an Audiobook project can feel like I have won the marathon!

In 1980's Britain we had a popular kids programme called Pigeon Street. I was always fascinated by the female trucker character who would pop into the village en route to whichever far flung destination she was going to for her work. 'Long Distance Clara' even had her own catchy theme tune. I didn't get it. Why do a job that takes so long to get from A to B? Now I understand a little better. By the time I have read, annotated, researched, recorded, corrected, edited, mastered and finally uploaded an audiobook I feel like I have been on an incredible journey. This of course is all the better if the book was well written in the first place, and I am fortunate that I am getting some very interesting projects thrown my way, especially since establishing my niche as a Young Adult British female narrator, I've been working back to back on fantastic stories.

Working as an Audiobook Narrator, I feel as thought I have truly created something that has not only been an endurance, but that may well be enduring. I read a quote somewhere, by someone (I'm a little hazy) saying that they loved narrating audiobooks because potentially they were creating material for people to listen to for the next 50 years. And I think that just about sums it up. When I work on producing and narrating a book, I never know who is going to be entertained by it, where in the world it is going to reach someone's ears, to whom my voice and my reading ability is going to give immense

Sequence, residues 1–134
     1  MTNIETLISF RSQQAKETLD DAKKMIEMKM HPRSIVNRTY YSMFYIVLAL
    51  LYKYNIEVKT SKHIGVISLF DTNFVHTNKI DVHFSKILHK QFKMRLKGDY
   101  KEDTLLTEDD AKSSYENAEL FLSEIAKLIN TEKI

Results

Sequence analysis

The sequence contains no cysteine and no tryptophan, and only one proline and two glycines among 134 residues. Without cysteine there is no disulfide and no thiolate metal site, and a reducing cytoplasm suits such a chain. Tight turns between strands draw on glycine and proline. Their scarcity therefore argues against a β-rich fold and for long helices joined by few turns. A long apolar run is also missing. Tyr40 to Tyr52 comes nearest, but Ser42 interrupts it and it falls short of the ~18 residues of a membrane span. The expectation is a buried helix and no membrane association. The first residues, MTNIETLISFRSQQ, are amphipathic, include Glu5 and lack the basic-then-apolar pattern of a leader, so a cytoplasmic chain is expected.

amounts of pleasure. It isn't like theatre where the performance is over at the curtain call. My audience could be anywhere, doing anything, at any time now or in the future. There is something gratifying about that.

It isn't easy. I have been on a rollercoaster learning this side of the Voice industry, and I know others who are at the start of that journey, wondering if they have the stamina or inclination to continue. It isn't for everyone. Adapting to new methods of recording, perhaps even different mic techniques, and using alternative software. For some people accustomed to commercial work, this seems like an awful lot of hard slog. But for me, having worked on some corking characters in some gripping novels of late, I find it hard to get so much of a thrill out of a thirty second commercial. But my background is in theatre, performing, creating characters, and audiobooks give me an opportunity to do all of that.